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Predictions

One of the primary roles of the applied mathematician is to create mathematical models to be used in predicting the outcomes of future events. These models take the form of equations or systems of equations, inequalities or systems of inequalities, computer simulations, or any combination of these that the mathematician finds appropriate.

Mathematics can sometimes give accurate predictions about future events as with Newtonian mechanics, whereas in other cases, such as predicting public opinion and estimating animal populations, the predictions given by mathematics are probabilistic. In cases where the underlying dynamical system is chaotic, such as the weather, mathematical models can be used to describe the long-term behavior of the system, but such systems by their very nature defy specific predictions due to their sensitivity to initial conditions.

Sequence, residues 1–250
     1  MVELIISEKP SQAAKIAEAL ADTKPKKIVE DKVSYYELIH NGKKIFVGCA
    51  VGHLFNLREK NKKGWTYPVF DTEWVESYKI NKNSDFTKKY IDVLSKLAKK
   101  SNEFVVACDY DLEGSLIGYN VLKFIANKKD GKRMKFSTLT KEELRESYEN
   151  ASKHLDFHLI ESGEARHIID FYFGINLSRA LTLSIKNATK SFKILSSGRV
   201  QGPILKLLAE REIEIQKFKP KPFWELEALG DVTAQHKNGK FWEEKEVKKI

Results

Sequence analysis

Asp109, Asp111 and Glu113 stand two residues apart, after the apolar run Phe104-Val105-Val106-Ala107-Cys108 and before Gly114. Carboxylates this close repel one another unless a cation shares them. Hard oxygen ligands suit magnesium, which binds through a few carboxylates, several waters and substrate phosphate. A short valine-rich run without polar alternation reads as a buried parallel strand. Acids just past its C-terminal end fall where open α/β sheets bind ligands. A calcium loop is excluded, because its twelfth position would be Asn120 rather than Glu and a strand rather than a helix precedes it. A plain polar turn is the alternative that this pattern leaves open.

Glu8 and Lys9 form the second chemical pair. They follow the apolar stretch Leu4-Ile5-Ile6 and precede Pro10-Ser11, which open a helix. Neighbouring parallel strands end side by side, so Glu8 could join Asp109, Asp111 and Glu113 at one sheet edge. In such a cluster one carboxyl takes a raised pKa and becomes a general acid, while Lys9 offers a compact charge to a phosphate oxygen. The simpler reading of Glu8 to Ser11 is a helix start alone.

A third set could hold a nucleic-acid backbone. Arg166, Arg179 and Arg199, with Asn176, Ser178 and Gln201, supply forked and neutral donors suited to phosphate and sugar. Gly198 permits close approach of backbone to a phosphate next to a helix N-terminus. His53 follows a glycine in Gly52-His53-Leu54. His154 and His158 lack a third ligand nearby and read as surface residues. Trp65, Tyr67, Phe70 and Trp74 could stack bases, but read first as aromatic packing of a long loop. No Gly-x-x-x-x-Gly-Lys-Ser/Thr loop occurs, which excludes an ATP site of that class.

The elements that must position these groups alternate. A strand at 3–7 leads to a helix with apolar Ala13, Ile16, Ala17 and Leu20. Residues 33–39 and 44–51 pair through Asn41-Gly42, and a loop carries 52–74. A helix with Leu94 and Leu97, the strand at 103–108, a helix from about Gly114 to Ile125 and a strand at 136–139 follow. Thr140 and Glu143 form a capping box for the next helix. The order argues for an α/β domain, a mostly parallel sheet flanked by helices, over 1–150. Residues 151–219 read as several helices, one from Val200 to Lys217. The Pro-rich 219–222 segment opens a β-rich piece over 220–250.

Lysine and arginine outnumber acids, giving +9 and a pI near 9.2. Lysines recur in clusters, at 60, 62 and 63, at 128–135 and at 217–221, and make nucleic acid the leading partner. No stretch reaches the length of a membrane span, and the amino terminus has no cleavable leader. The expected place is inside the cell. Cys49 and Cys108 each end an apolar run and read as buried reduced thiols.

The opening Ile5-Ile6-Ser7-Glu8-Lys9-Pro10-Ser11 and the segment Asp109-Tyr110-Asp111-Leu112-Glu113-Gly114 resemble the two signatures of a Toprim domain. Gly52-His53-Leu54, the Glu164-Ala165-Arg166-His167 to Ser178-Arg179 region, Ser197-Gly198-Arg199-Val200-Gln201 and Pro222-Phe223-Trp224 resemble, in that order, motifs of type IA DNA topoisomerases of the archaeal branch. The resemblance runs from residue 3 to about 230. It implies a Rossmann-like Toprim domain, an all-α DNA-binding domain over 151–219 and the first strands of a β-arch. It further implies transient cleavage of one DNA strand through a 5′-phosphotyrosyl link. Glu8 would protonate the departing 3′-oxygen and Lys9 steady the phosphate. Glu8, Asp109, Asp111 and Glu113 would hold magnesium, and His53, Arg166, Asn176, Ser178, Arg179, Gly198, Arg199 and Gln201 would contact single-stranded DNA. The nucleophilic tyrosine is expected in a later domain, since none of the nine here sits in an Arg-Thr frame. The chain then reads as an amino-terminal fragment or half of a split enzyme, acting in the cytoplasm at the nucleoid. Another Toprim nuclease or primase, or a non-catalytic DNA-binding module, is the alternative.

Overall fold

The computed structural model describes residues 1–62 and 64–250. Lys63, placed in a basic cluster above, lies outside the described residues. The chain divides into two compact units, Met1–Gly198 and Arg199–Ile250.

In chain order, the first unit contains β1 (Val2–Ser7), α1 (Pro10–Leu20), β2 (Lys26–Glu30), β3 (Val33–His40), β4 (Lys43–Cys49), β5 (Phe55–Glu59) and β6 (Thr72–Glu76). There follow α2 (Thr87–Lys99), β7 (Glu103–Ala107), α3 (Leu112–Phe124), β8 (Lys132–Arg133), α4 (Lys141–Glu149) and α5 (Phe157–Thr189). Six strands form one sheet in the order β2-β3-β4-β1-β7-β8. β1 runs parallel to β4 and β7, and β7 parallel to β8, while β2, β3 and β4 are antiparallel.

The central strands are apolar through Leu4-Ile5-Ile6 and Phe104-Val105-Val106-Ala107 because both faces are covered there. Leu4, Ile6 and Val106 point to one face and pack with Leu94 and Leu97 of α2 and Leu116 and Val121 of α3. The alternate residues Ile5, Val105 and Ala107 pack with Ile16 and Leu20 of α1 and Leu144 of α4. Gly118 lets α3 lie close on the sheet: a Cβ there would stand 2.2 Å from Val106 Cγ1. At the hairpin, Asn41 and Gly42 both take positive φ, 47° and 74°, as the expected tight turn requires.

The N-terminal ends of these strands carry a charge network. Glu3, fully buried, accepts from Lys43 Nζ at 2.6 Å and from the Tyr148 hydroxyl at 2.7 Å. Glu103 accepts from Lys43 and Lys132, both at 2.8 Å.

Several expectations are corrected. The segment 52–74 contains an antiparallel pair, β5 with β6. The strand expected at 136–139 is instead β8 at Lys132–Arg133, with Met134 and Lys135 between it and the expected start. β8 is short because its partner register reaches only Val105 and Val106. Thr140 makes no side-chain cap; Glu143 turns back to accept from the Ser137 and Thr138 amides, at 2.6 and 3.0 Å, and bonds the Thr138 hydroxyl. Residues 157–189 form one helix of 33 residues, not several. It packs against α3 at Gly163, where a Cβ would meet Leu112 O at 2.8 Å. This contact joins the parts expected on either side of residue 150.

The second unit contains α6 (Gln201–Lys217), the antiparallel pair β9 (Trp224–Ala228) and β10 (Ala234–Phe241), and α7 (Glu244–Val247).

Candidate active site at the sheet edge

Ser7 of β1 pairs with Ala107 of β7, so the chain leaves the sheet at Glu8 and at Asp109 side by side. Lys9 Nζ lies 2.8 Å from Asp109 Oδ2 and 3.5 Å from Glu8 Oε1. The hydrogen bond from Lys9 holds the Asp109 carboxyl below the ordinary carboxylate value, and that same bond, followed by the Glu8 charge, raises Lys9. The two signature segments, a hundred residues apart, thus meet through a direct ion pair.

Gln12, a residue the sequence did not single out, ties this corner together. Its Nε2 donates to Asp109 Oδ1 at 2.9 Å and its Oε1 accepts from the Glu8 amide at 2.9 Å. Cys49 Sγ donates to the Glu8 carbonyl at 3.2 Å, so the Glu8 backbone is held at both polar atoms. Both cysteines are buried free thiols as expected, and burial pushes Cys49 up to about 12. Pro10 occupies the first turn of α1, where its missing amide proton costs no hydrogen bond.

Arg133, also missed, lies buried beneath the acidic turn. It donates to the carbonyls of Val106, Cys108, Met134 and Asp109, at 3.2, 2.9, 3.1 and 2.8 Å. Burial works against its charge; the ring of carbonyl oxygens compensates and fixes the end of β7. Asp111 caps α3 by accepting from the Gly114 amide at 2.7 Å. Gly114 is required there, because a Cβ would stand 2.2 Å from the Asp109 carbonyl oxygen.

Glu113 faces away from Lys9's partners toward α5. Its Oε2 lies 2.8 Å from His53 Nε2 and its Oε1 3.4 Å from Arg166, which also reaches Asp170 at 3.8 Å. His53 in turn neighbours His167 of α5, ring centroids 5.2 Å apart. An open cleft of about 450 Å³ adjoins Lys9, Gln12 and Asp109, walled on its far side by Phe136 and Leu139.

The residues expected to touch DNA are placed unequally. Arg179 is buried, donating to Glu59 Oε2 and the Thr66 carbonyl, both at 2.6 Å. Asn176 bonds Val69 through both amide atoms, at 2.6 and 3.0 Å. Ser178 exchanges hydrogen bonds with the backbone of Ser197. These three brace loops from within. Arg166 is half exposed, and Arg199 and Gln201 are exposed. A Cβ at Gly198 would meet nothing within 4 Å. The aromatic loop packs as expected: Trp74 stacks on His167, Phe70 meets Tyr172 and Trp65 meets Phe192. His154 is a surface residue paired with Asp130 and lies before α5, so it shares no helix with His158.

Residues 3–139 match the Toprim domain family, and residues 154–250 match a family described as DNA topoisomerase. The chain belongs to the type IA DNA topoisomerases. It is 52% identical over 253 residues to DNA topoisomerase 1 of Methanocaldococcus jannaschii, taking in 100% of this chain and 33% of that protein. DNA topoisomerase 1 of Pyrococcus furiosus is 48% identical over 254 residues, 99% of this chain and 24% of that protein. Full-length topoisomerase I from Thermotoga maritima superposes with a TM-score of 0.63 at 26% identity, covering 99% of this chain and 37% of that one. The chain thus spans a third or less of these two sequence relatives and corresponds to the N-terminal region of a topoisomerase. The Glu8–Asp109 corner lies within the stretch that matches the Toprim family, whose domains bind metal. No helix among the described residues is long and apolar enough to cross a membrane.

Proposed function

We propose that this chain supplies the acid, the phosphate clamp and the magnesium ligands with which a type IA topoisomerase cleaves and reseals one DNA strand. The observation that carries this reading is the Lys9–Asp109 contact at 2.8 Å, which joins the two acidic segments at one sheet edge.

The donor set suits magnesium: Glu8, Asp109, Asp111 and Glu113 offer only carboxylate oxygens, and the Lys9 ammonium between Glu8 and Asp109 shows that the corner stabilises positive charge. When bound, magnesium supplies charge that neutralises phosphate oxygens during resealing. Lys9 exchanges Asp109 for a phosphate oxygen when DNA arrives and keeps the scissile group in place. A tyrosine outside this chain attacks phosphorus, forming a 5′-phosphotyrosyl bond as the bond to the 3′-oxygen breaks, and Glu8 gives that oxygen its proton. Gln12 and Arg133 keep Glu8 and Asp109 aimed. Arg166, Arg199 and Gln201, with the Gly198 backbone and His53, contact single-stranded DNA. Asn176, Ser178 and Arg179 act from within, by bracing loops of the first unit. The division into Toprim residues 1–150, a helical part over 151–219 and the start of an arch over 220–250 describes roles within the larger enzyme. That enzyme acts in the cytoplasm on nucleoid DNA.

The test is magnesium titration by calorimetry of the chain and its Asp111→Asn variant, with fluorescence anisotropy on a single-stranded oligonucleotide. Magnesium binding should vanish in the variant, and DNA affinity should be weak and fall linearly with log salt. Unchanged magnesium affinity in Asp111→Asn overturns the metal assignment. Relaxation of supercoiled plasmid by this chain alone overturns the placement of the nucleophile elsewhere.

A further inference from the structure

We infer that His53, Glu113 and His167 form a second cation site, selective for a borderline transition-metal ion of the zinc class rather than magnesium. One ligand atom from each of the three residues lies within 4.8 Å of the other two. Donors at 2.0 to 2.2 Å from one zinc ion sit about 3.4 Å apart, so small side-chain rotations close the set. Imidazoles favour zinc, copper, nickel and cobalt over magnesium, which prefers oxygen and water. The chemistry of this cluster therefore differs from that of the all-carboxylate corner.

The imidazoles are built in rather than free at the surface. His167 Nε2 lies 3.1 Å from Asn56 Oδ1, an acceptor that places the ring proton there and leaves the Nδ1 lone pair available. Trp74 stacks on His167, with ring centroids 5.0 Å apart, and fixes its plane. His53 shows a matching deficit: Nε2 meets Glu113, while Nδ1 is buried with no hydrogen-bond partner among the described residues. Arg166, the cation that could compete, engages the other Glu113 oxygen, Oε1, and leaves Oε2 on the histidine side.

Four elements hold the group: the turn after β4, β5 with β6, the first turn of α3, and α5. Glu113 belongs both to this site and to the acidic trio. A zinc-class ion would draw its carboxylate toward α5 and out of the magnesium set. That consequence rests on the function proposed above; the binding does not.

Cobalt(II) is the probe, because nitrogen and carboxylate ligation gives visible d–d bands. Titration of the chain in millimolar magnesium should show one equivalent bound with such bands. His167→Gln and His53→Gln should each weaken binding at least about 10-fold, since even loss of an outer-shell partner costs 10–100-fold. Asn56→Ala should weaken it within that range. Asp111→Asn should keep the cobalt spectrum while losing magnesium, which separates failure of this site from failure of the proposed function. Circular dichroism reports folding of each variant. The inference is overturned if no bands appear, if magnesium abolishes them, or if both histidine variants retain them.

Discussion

Predictive Models and their Validity

The predictive validity of a mathematical model can only be judged by how well it actually forecasts future events. Models that fail to give predictions in accordance with empirical observation are either abandoned or modified. The creation of a predictive mathematical model is part science, part mathematics, and part art.

The science and mathematics of model building are often straightforward once the conditions and assumptions about the events being modeled are set. It is in the area of making correct assumptions that a bit of art is required. On the one hand, the mathematician wants to keep the model as simple as possible, and make only the assumptions that are absolutely necessary for the process being modeled. On the other hand, leaving out some critical assumption can make the model useless in predicting future events. Thus the mathematician must balance the desire for simplicity in the model with the need to consider all relevant assumptions about the real-world processes being modeled.